Lessons about household cleaners and disinfectants from two case studies.
Disinfectants should be saving lives by killing germs, yet, if they are not used the correct way, they can kill. Here are two case studies. Let’s see if you can figure out what went wrong.
After a friend told Mary that she needed to disinfect the fruits and vegetables she had just bought at the supermarket, Mary filled up her sink with water, added a 10% bleach solution plus vinegar and put her fruits and vegetables in her sink to soak. Within a few minutes, Mary developed difficulty breathing. She called 911 and was transported to the nearest hospital. She could have died.
What did Mary do wrong?
What caused Mary’s difficulty breathing and could have killed her?
The answer: Mary mixed bleach with vinegar which created a potentially lethal chlorine gas. As Mary inhaled that gas, her bronchioles got inflamed and her lungs got so irritated that they started swelling, giving her wheezing and difficulty breathing. Had Mary stayed near her sink, she could have died.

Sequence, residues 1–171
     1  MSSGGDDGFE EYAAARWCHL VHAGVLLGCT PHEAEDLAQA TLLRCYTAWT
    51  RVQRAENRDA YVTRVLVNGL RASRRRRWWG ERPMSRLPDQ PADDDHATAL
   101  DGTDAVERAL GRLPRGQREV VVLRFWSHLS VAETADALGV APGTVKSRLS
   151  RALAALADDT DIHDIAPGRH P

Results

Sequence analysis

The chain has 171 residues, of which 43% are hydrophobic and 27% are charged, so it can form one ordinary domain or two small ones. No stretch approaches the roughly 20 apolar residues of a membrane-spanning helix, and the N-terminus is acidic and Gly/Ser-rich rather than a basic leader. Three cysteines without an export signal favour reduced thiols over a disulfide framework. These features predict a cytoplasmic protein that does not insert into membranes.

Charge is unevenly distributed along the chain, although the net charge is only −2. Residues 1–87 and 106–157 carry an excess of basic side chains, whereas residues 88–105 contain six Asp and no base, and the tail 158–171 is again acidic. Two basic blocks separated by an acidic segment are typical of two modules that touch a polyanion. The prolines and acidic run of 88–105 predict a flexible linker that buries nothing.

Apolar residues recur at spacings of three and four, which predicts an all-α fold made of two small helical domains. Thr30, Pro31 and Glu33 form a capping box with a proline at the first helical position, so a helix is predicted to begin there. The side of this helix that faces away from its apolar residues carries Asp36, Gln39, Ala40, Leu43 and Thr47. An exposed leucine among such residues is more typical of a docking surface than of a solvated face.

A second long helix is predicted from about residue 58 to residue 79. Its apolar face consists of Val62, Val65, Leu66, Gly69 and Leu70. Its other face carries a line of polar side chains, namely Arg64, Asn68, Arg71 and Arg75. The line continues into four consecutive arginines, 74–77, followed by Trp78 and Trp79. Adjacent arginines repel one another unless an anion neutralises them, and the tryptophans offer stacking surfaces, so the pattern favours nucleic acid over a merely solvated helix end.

Lesson learned: Never mix bleach with vinegar. If you do so by mistake, get away from the gases as fast as possible. Open all the windows to get as much fresh air as possible. If the gases are outside—for example, if there are chlorine gases coming from a swimming pool (there was a wrong mix of disinfectants in a New Jersey swimming pool in July 2020 where four children and one adult had to be hospitalized)—go far away upwind and, if possible, to higher ground. The reason for going to higher ground is that chlorine gas is heavier than air so chlorine gas will go towards the ground and fresh air will go up.
What if Mary had mixed bleach with a bathroom cleaner solution? Would it have been better? No! Bathroom cleaners, window cleaners, and glass cleaners all contain ammonia. Mixed with bleach, ammonia creates a potentially lethal chloramine gas. (Bleach creates chlorine gas with vinegar and chloramine gas with ammonia, which can both be lethal.)
© Dr. Chris Gilbert, MD, PhD